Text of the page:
While it might seem that fighting wild fires should have become safer in the years since the 1949 Mann Gulch fire recent events have proven that to be not the case.
Norman MacLean, in his masterpiece Young Men and Fire, takes readers closer than they would ever want or realistically need to be to a wild fire.
On a hot dry August afternoon 15 young men, 13 were under 24 years old, jumped out of an airplane into the remote forests of Montana to cut and dig a fire break in hopes of containing a fire in Mann Gulch. They carried limited supplies and tools. They were confident in the abilities and planned on working through the night and being back at camp the next day. By late afternoon only three were still alive.
With a skill few authors could match MacLean works through the history of smoke jumping, the lives these young men would have been leading, the flight to the fire and the decision to jump, the awful turn of events as mother nature showed her wrath, the tragedy of the following day, the questions regarding those that were there and their actions and his research into the fire. Readers will meet the last two remaining survivors and follow along as they struggle to remember events that had happened nearly fifty years before.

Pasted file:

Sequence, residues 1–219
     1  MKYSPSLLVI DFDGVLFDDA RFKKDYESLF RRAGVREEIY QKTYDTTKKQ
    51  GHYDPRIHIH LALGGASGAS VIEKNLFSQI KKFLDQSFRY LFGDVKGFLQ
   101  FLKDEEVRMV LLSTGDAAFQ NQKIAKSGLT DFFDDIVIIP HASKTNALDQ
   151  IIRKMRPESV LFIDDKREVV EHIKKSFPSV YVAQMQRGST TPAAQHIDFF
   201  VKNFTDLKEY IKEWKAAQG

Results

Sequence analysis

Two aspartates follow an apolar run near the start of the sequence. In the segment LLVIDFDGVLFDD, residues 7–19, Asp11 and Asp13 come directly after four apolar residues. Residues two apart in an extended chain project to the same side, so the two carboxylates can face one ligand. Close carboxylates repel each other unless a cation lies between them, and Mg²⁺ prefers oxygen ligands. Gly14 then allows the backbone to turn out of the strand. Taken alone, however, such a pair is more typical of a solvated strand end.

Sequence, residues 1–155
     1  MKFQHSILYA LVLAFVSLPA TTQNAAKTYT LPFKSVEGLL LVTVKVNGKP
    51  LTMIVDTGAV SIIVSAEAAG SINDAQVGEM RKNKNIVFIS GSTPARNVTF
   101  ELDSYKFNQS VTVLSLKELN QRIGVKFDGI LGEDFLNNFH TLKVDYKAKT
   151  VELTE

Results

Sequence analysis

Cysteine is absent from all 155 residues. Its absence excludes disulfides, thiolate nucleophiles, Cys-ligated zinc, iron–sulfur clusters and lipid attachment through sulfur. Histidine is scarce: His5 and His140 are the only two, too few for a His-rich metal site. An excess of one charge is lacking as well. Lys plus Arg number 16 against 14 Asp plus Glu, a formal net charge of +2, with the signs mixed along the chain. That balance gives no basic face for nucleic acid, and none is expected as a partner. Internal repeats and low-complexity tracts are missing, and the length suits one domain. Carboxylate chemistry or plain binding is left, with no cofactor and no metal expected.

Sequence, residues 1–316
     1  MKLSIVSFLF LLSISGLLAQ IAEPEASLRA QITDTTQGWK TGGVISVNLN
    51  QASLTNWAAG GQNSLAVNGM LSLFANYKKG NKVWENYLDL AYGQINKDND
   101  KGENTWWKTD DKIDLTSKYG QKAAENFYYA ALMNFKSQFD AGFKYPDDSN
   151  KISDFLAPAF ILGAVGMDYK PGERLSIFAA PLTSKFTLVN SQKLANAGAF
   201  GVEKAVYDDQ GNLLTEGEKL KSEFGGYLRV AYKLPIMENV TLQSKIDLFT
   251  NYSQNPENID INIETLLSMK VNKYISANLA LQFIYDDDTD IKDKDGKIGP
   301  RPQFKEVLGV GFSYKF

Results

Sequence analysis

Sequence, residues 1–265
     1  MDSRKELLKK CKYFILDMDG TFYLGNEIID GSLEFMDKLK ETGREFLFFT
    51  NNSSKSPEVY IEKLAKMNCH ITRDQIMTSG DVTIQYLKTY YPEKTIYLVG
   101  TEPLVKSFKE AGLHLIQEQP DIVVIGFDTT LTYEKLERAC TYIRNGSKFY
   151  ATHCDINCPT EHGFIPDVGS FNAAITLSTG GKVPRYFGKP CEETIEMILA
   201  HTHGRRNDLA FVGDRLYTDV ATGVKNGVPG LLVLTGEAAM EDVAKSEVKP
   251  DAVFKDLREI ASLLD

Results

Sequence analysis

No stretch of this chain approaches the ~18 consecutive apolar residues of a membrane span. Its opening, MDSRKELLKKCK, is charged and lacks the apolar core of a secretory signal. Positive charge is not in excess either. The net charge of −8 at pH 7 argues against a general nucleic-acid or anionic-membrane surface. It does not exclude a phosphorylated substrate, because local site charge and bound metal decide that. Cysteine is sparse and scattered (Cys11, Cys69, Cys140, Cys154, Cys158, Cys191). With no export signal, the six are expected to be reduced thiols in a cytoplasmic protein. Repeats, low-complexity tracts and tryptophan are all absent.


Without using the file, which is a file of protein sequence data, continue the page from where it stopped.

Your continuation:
located at the mouth of Meriwether Canyon.
This book is not for everybody. It does get a bit rambling at time. It doesn't always flow the way you might expect. The book had not been edited for publication at the time of MacLean's death nor was it complete. The publisher of the book has done little to change the book. That is good. For some readers there will also be a bit too much fire science involved. In researching the fire it became imperative to figure out what happened and why the fire behaved as it did. While certainly being far from a textbook readers will finish with a much better understanding of fire behavior and the danger that it can pose.
This is a book I have read on multiple occasions and will no doubt be returning to again. Highly recommended!